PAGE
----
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technobot

Frustum culling without plane-AABB checks?

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Quote:
Original post by technobot
Ok, I think I've got it. Represent the frustum by a set of 8 AABBs, plus the 6 planes. The AABBs are: an outer AABB that bounds the frustum, 6 AABBs that bound the individual frustum faces (one for each face), and an inner AABB, which is the volume left between the 6 faces' AABBs.

Then the test goes like this:
1. If the tree cell does not intersect the outer AABB, there's definitely no intersection. Else:
2. If the cell intersects the inner AABB, there definitely is an intersection. Else:
3. Using the direction from the center of the inner AABB to the cell center, select three of the faces' AABBs that may be between the two centers. Also select the closest cell corner.
4. The selected corner is most likely within one of the selected AABBs. If so, find that AABB and continue. Otherwise, then there is no intersection.
5. Test the corner against the plane of the corresponding frustum face. If the point is on the correct side of the plane, there is an intersection, otherwise there isn't one.

For most cases it will be one or two AABB-ABBB tests per tree cell, for the remaining minority it will be up to five AABB-AABB checks and one point-plane check. It's fast, and it's accurate.



You're forgetting that for any reasonable FarPlane distance (i.e. Far Plane is not right there within 50 meteres). Your outer and plane bounding AABB-s will be gigantic (esspecially with 45 degree camera angles) causing a lot of objects to pass those tests. I'm preety sure your method will be a lot slower than plain AABB-Frustum testing. AABB-Frustum testing is actually preety fast if its done properly (esspecially if you use FrameCoherency and Masking).

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Quote:
Original post by A Guy from CRO
You're forgetting that for any reasonable FarPlane distance (i.e. Far Plane is not right there within 50 meteres). Your outer and plane bounding AABB-s will be gigantic (esspecially with 45 degree camera angles) causing a lot of objects to pass those tests. I'm preety sure your method will be a lot slower than plain AABB-Frustum testing. AABB-Frustum testing is actually preety fast if its done properly (esspecially if you use FrameCoherency and Masking).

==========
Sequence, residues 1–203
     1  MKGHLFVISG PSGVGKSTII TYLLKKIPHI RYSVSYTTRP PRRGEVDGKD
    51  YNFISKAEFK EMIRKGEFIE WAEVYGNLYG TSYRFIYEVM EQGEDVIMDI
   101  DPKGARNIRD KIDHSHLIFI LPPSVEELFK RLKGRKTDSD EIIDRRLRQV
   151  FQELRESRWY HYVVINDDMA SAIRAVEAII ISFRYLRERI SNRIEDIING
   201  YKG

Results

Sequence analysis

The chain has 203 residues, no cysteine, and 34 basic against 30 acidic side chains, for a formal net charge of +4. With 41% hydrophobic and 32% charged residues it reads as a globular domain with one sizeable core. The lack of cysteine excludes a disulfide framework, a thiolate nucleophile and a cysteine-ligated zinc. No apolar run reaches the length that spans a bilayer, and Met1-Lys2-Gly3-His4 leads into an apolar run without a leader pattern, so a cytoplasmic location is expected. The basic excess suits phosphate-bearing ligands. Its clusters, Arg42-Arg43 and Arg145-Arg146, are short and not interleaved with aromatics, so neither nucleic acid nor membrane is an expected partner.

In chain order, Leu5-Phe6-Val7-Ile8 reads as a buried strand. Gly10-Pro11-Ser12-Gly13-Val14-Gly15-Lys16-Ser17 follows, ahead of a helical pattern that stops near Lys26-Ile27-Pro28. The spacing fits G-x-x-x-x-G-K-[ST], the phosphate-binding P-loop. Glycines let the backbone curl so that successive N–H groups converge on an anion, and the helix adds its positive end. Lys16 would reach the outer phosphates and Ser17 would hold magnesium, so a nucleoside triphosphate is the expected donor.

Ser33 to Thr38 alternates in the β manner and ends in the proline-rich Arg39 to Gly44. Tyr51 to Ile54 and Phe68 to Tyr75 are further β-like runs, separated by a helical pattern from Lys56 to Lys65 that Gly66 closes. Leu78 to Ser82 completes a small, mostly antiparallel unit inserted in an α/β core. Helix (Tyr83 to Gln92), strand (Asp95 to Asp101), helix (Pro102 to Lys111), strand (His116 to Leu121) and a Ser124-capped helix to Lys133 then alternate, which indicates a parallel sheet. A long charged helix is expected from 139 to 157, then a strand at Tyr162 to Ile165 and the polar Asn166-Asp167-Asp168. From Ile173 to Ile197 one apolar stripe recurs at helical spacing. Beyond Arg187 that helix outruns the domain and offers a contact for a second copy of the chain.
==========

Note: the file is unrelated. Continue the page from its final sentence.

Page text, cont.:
The objects may pass the outer AABB test, but they will still be rejected by the final point-plane test, so that's ok. As for speed, an optimised AABB-frustum test would still require more calculations without frame coherency and masking, and while I'm not sure about it, it may be possible to utilize frame coherency for this test as well. Anyway, testing is the only way to know for sure.

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Of course they'll pass the final point'plane test but I'm saying your outer AABB and plane AABB's are encompassing a large chunck of the scene causing it to be very very unoptimal as they'll reject very few objects and the whole point of pretest's is fast early rejection. It all has to come down to point-plane test anyway, but I think your method will be slover.

Anyway, if you test, please post the results, I'd be interested in a comparison.

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Frustum vs AABB is very cheap if you do it correctly, there's definitely no need to test all corners against all planes. Taking the sign of the components of the planes normal vector can give you a bitmask that can be used to look up the only two vertices of the AAB you need to test. This can be done once per plane per frame, and then all you need to reject a AABB is two dot products.

Anyway, using sphere-sphere or sphere-frustum tests for early out is fine, but your frustum-AABB test should really be fast. If it isn't, something is wrong.

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I haven't got to the testing part yet, but I've realized that although my idea may test faster than the conventional approach against each individual quadtree node, it will probably turn out to be slower for an entire quadtree, since it does not descriminate between the "completely-inside" and "intersecting" cases. So unless I'll find a way around this shortcomming, I'm going to ditch this idea.

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Quote:
Original post by technobot
it will probably turn out to be slower for an entire quadtree, since it does not descriminate between the "completely-inside" and "intersecting" cases.


,-) see, exactly thats the reason why i usually would even advice to NOT use a tree for culling in some cases like smallish terrains with just a few hundred or thousand patches/leaves/whatever. the overhead of traversing the tree and doing extra work to detect complete and partial intersections often takes longer than just brute force testing all of them quick and dirty. though i guess with the right method you can minimize the extra work quite well.

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